Juergen Haible's FS-1 Frequency Shifter
I have posted some bits about this project to DIY every now and then, and I have discussed some aspects of the circuits with several people privately. It is still not built into an enclosure, and it still lacks interfacing such as a mic preamp, but the core is finished, and it works to my full content.
I had started with a BFO design like the Moog / Bode and Electronotes shifters, but I ran into severe problems when I tried to get very low shift (fractions of one Hz). Now, thru-zero operation was the reason why I tried the BFO method, but several people convinced me that the slightest jitter in either of the HF oscillators would result in severe phase errors near zero Hz Beat frequency.
So I designed a base band Sin / Cos VCO that can go thru zero. This is achieved by full wave rectifying the frequency control voltage, and changing the "spinning direction" of the sin / cos oscillator with the Sign of the same control voltage. It took me some time to figure a practical circuit out, but in the end it was simply combining an idea from Electronotes (for a "simple", i.e. not quadrature, VCO), with a tri-shaped quadrature oscillator from Tietze/Schenk, "Halbleiterschaltungstechnik". The VCO runs from -20kHz to +20kHz, and it is no problem to set it to something like 0.1 Hz as well. There are linear (thru-zero) inputs and exponential (V/Oct) Inputs.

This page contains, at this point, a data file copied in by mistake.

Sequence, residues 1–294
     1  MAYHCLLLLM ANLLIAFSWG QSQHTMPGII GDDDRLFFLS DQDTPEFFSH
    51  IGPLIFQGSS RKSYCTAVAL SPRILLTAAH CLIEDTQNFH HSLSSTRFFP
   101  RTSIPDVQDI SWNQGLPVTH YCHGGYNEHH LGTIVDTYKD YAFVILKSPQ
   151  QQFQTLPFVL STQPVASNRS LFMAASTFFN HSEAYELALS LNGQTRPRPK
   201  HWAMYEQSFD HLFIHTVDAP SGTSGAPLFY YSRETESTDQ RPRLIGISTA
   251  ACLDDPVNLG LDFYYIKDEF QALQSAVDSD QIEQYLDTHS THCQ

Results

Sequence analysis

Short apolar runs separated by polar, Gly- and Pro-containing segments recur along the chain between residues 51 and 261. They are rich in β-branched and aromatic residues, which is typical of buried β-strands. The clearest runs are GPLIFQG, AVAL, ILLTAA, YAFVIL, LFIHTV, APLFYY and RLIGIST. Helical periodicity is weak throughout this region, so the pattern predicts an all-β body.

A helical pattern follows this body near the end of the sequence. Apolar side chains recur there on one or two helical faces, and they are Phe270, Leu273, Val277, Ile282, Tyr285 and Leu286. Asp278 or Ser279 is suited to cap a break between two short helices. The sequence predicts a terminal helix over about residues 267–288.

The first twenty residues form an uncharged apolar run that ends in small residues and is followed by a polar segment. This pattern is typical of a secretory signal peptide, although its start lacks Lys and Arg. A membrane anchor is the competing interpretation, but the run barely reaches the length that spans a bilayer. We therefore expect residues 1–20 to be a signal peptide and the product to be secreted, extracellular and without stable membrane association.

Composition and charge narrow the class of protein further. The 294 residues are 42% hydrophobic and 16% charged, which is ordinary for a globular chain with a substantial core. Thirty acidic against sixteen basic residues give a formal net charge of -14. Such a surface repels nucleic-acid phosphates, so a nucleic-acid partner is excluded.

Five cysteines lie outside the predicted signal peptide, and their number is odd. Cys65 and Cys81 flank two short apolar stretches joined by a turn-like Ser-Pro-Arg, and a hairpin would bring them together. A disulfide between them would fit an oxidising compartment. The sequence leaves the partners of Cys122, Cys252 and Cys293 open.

Another circuit detail is the use of one cheap chip, the MC1496, to get both, low-distortion tri-to-sine-shaping (degenerate emitter method), _and_ multiplying audio signal and carrier, at the same time.
Carrier suppression of this system wasn't that bad (never measured it, but I think it's way below -60dB), but I thought a compander system would be nice to reduce the noise of the multipliers and to quiet the carrier completly when there is no input signal. (I don't like the idea of noise gate thresholds, and there's a hint in the Serge catalog that they do it in a similar way.) So I took the compander circuit of the Roland VP-330, adjusted the time constants for an application where input- and output waveforms aren't similar anymore, and here is the resulting circuit:
The Hilbert Transform approximation (or "dome filter" in Moog speak) is a direct copy of the Electronotes 12-pole design, and so I have not redrawn this part of the circuit. Simply a pair of 6 phase shifter stages, with high tolerance capacitors from the box, but then measured exactly with a DMM, the resistor value calculated for an exact RC product, and then implemented in the form of 2 resistors in series. (One slightly smaller than the required - odd - value, taken from E-24 1% box, measured, and complemented by the right small resistor to fill the difference.)
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